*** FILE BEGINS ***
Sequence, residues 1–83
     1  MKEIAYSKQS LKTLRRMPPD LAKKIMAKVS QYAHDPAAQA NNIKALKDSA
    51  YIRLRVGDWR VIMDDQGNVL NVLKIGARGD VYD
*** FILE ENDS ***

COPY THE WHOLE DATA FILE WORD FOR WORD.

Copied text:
Sequence, residues 1–83
     1  MKEIAYSKQS LKTLRRMPPD LAKKIMAKVS QYAHDPAAQA NNIKALKDSA
    51  YIRLRVGDWR VIMDDQGNVL NVLKIGARGD VYD